It was not until later, from 1848 onwards that Famine casualties started to arrive. These were in the form of several thousand girls and young women, who volunteered to be relocated from Ireland’s workhouses to a new life in the Australian colonies. Sometimes known as Famine Brides, these young women and girls had their passage funded, through the Earl Grey and similar schemes. They are sometimes described as orphans but many had a surviving parent. It is sobering to think of the desperate situation that these girls faced, where the option of transportation to the other side of the world, of probable permanent separation from their homes and surviving family, to a future that they could scarcely comprehend was preferable to what was around them. While the purpose of these schemes was largely to satisfy a need for more females in the Australian colonies, for these women it presented an opportunity to escape from the workhouses and the desolation of Ireland at that time.
Some of the later transportations, in the early 1850s came to Western Australia. In 1853 Elizabeth Carbury, from Galway came to the Swan River colony on the Palestine with her sister Mary and other young women from the Mountbellew workhouse. Limerick woman Bridget Mulqueen arrived in the same year on the Travencore. It is heartening to hear that the communities in which they settled in Dardanup and Bunbury have been remembering them, their lives and the contribution they made here, following their traumatic departure from Ireland. I understand that memorial services were held for both women earlier this year with the assistance of Fred Rea and the Western Australia Irish Famine Commemoration Committee. Remembering these women, their lives and their legacy is important. Indeed, recognising the full profile of the experience of our people is necessary, if we are to learn, to understand, even to forgive.
Can we, of Irish extraction, borrow from our own history when faced, as we are today, with the largest number of displaced people on the planet since the Second World War? Is the plight of those risking everything to cross continents and seas in search of refuge or a better life so different from the choices that faced our own people? Today, we have the capacity to anticipate the threat of famine. We have the capacity to take measures to avoid it; and yet we have almost a billion people living in conditions of extreme but avoidable hunger.
The moral principle remains the same: should we adjust our populations to an abstracted economic ideology, be it laissez faire or neo-liberalism, or should we, rather, use the best of our reason to craft economic and social models that can anticipate the needs and care for the peoples who share this fragile planet?
Captivating art, such as this magnificent sculpture, “Uaigneas” serves to remind us of these things. It challenges us to remember and to think. I was particularly struck by the artists’ concept in designing this thought-provoking sculpture that it should also represent and highlight the resilience of the Irish people and by extension of the human condition– in their words: “Hope is not extinguished. It never is! ...because the human spirit always soars over adversity in the end”. The lives of Elizabeth Carbury and Bridget Mulqueen are a testament to the fact that people can and do emerge from the most horrendous situations, can lead good lives and make valuable contributions in their changed surroundings.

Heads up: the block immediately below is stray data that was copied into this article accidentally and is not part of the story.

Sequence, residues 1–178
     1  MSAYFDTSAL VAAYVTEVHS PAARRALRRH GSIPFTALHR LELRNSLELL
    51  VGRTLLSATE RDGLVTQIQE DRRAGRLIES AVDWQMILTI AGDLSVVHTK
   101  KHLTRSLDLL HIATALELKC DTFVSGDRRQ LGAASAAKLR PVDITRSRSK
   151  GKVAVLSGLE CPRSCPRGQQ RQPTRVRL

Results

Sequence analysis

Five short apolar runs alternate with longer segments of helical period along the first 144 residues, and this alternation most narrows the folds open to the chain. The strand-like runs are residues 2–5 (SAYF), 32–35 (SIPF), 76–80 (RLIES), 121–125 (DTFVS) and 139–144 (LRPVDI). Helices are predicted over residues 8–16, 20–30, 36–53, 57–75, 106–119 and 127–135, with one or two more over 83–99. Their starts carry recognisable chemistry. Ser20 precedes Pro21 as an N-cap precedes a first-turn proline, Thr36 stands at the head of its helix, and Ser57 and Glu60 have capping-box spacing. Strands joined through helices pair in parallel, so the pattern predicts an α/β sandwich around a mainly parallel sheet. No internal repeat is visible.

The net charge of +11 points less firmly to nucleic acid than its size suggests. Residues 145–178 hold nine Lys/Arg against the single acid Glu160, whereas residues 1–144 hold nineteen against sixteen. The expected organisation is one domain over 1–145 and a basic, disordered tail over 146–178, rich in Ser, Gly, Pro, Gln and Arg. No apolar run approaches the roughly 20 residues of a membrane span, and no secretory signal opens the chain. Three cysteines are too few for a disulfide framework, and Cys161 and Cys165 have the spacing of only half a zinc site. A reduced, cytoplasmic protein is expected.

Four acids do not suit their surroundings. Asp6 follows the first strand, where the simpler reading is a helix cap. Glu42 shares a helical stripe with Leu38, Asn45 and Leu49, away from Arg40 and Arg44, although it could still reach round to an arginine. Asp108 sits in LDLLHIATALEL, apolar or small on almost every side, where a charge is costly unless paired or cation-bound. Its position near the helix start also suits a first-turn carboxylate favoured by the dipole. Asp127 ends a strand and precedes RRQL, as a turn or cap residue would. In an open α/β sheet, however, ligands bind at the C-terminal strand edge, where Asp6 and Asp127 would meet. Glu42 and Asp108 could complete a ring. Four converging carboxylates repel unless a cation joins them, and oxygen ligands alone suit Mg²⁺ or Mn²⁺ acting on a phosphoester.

We must therefore acknowledge that from the depths of despair and devastation some positive consequences emerged. The most notable, perhaps is the contribution that many in the Irish diaspora made to the societies they helped shape in so many places around the world.
Their shared story, wherever they landed, in Birmingham or Boston, in Sydney or Subiaco, was a common striving for a better life. Many had learned the hard lessons of the Famine and pressed for the creation of a fairer society in their new homes, and a more prosperous and secure future for the next generation. In many, it imbued a concern for their fellow citizen. This passion is still evident in so many Irish communities around the world today, including here in Perth where the work of organisations like The Claddagh Association is so vital in supporting those members of the Irish community facing times of distress and difficulty.
An Gorta Mór, the Great Famine, is the source of so much of the Irish diaspora, and was a catalyst for further emigration right up to present times. Today, Ireland and Australia are wealthy countries, full of opportunity and promise for our upcoming generations. In the very different context of the terrible post-Famine years, those who arrived in their new destinations often found their Irishness to be a source of marginalisation, of stereotypical presentation of their cultural status as inferior, be it in terms of language or behaviour. It is from this space that many overcame such prejudice to make outstanding contributions in their new homelands. And they did not forget their homeland or the challenges faced by those that were left behind. They assisted their relatives. Sometimes providing funds for the passage to follow them, sometimes simply to assist those who stayed at home with remittances sent from abroad.
These emigrants’ remittances not only helped other relatives to follow, they paid shop debts, they built Churches, and for many of those who survived, they were a vital source of money for the purchase of food and clothes and the payment of the rent.
The Famine diaspora was also vital in Ireland’s successive struggles to break from the shackles of Empire and to forge its own future. It is important, therefore that we remember these things, these bonds of kinship and historic mutual support. That we recall the fragility of our daily existence and the perils of doctrinaire approaches that are blind to the vulnerabilities of human beings. Most usefully, we should let the memory of our great pain colour our reaction to our fellow human beings facing similar threats today.
Go raibh maith agaimh arís as ucht an cuireadh a thug sibh dom a bheith libh ag an ócáid suntasach seo do phobal na nGael i bPerth agus i Subiaco. Táim thar a bheith buíoch daoibh uile as ucht a bheith ag éisteacht liom.
Thank you all for your patience and for inviting me to share in this special event.